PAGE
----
The Seawolves have clinched a playoff spot despite losing Friday in Fairbanks because of losses by Bemidji State and Lake Superior State.

Best case scenario: The highest UAA can finish is No. 6 because it doesn’t have the tiebreakers to beat either Tech or BGSU. A win locks up the No. 6 spot and another series in Fairbanks.

Worst case scenario: The Seawolves are swept by the Nanooks and LSSU beats Ferris State. The Lakers win the tiebreaker via conference wins and UAA finishes eighth. BSU can not catch UAA.

7. Northern Michigan (25, 12-14-1)

The scenario is still as simple as it was yesterday for Northern: win and you’re in.

Best case scenario: NMU wins and UAA loses or ties at Alaska. Then the Wildcats finish sixth and get to go to Alaska … that’s as good as it gets, unfortunately.

Worst case scenario: NMU loses at Alabama-Huntsville while the Beavers and Lakers win. Then the Wildcats’ season is over.

8. Bemidji State (24, 10-13-4)

A win does not get the Beavers in. They need help tonight to get into the playoffs because they would lose a four-way tiebreaker at 26 points with UAA, NMU and LSSU due to a lack of conference wins. BSU also loses a three-way tiebreaker with UAA and LSSU or NMU and LSSU. BSU wins a head-to-head tiebreaker with the Lakers, meaning if both lose, the Beavers get in.

Best case scenario: Beavers win while NMU and LSSU lose. That gets BSU to seventh.

Worst case scenario: Bemidji loses while the Lakers get either a tie or win. Then the Beavers are out.

9. Lake Superior State (24, 12-15-0)

Like Bemidji, a win doesn’t guarantee the Lakers a playoff spot. They need the most help.

Best case scenario: The Lakers can climb to sixth via a win and losses by NMU, UAA and BSU.

Worst case scenario: If the Lakers lose tonight at Ferris State, their season is over.

March 7-8 WCHA picks, plus predicting the final standings

Unlike the WCHA standings, there’s no question how this regular season pick ‘em battle will end.

First place: Shane Frederick. Last place: Matt Wellens.

Unlike the last place team in the WCHA standings, however, I still get to make the playoffs for redemption.

Here is how Shane and I predict the final weekend of the regular season will pan out. There’s not much of a difference between us this weekend.

Does that mean the weekend will be predictable? Don’t count on it.

Michigan Tech at Minnesota State

Shane: MSU is playing for the MacNaughton Cup, and Tech is playing for home ice. This should be a really good series in Mankato. The Mavericks aren’t just on a seven-game win streak but have won 11 in a row at home. I think they keep things rolling. Mavericks 3-2, 4-1

Matt: I feel like Michigan Tech matches up better with Minnesota State than anyone, but there’s just too much at stake for the Mavericks to drop their first game in Mankato. Mavericks 4-3, 5-3

Lake Superior at Ferris State

Shane: The Bulldogs might be a bit angry after getting swept in Alaska a week ago. How they bounce back from that and the travel will be interesting. The Lakers are hoping to keep their playoff spot, but it could be tough in Big Rapids, where Ferris has been so good. Bulldogs 3-1, 4-2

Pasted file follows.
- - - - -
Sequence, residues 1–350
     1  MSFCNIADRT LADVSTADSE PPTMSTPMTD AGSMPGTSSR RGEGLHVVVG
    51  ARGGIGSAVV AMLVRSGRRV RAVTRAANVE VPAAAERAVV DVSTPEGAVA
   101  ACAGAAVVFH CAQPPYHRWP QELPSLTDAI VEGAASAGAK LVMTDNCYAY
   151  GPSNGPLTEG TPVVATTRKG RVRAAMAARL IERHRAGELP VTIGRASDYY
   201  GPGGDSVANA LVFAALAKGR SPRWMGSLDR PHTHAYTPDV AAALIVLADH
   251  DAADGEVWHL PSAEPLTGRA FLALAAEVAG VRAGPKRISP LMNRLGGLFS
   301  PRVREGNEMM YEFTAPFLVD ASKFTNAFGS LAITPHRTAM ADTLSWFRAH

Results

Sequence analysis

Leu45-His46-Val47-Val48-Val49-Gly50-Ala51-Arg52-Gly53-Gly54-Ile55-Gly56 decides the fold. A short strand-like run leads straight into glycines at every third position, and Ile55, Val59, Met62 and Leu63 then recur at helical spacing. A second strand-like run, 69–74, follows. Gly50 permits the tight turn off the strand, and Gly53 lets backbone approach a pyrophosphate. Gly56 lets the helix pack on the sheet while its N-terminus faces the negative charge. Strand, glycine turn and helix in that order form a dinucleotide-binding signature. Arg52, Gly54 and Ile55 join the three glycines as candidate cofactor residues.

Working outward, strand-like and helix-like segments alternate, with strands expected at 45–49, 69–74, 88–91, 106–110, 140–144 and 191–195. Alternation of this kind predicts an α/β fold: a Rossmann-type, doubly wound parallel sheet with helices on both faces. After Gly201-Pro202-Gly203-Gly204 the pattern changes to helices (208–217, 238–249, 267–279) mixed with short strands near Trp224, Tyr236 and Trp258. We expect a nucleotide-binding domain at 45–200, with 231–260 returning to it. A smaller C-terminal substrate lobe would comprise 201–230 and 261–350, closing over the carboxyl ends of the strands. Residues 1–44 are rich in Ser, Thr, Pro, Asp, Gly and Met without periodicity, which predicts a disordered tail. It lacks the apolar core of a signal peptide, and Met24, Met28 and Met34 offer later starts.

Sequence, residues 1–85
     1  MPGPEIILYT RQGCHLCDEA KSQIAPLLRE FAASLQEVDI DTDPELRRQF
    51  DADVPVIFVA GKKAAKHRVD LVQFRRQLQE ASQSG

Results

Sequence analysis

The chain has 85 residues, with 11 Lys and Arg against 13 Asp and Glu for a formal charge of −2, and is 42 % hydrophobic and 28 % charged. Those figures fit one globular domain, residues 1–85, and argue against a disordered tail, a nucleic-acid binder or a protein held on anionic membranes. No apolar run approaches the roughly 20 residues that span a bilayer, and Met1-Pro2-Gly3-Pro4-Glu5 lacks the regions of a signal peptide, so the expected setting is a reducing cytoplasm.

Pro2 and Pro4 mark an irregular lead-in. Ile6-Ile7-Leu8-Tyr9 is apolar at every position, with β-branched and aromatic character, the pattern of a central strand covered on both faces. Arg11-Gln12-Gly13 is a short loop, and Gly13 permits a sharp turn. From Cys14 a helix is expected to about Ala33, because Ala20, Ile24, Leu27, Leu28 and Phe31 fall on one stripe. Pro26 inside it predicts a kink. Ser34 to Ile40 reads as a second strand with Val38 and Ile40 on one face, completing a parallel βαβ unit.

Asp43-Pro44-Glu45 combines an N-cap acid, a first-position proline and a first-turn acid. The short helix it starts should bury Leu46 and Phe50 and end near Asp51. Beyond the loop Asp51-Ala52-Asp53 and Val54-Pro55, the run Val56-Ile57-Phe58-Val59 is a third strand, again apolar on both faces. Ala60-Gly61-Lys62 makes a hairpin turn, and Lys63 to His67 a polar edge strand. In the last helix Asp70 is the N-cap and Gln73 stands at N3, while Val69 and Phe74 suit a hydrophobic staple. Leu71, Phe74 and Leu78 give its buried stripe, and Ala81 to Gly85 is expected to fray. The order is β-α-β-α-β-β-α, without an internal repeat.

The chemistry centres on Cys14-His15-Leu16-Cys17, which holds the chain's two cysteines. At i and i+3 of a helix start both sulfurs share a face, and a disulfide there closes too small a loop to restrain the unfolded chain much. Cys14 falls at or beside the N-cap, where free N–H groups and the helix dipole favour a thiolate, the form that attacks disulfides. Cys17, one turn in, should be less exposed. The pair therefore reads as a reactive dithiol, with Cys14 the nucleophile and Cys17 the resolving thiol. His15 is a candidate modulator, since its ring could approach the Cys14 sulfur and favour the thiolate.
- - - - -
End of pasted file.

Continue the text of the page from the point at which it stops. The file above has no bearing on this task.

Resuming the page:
Matt: It tough to call last week a slip up for Ferris State based on how well the Nanooks are playing. Meanwhile, the Lakers really struggled against Minnesota State at home. There’s too much at stake for Ferris to lose one this weekend. They may say their more concerned with the big picture of winning a WCHA playoff title and returning to the NCAA tournament, but losing the MacNaughton Cup could be a big blow to their confidence. Bulldogs 4-1, 3-1

Alaska Anchorage at Alaska

Shane: As we mentioned in our column Thursday, all eyes will be on Fairbanks late Saturday night. The Nanooks look like the most dangerous team in the league right now, and they close things out with a rivalry series. The Seawolves have been much improved, but I like the home team here. Nanooks 4-2, 3-2

Matt: Late Saturday night? Try early Sunday morning. Even if there were no postseason implications riding on this series, I’d still fight my hardest to stay up to 1:30 a.m. or on Sunday, 2:30 a.m. because of blasted daylight savings time. The Nanooks are the hottest team in the league right now. Besides the No. 9 seed, the biggest loser at the end of the weekend may be the No. 6 seed, which could be headed to Fairbanks. Nanooks 4-3, 3-2

Bemidji State at Bowling Green

Shane: Are the Beavers still stinging after splitting at home with Huntsville? That came a week after a huge home split against Ferris State. So which team will show up against the Falcons, who snapped a five-game winless streak last Saturday. Two desperate teams here. Beavers 3-1, Falcons 3-2

Matt: Despite splitting at Northern Michigan a week ago, the Falcons really only played maybe one solid period all weekend — the first on Saturday — and they rode that effort to a win. Bemidji obviously isn’t playing its best either right now having lost to Huntsville. If BSU misses the playoffs, that loss will haunt them for a long time. Falcons 3-2, Beavers 2-1

Northern Michigan at Alabama Huntsville

Shane: No one wants to admit it, but teams all but put themselves down for four points when they play the Chargers. The Wildcats have a chance to get themselves out of ninth place and into the postseason with a sweep. They’ve been warned by UAH’s win at Bemidji State last week. Wildcats 4-1, 3-2